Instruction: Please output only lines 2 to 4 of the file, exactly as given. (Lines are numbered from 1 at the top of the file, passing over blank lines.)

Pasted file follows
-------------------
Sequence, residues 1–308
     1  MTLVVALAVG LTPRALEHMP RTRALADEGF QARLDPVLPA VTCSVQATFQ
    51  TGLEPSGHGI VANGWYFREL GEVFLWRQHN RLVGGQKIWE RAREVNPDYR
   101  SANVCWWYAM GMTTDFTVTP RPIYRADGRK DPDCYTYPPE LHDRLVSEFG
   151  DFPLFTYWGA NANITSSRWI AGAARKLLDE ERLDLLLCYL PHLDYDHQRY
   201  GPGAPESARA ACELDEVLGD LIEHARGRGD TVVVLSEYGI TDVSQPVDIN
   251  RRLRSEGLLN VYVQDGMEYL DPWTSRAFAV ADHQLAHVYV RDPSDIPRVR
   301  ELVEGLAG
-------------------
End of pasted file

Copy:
     1  MTLVVALAVG LTPRALEHMP RTRALADEGF QARLDPVLPA VTCSVQATFQ
    51  TGLEPSGHGI VANGWYFREL GEVFLWRQHN RLVGGQKIWE RAREVNPDYR
   101  SANVCWWYAM GMTTDFTVTP RPIYRADGRK DPDCYTYPPE LHDRLVSEFG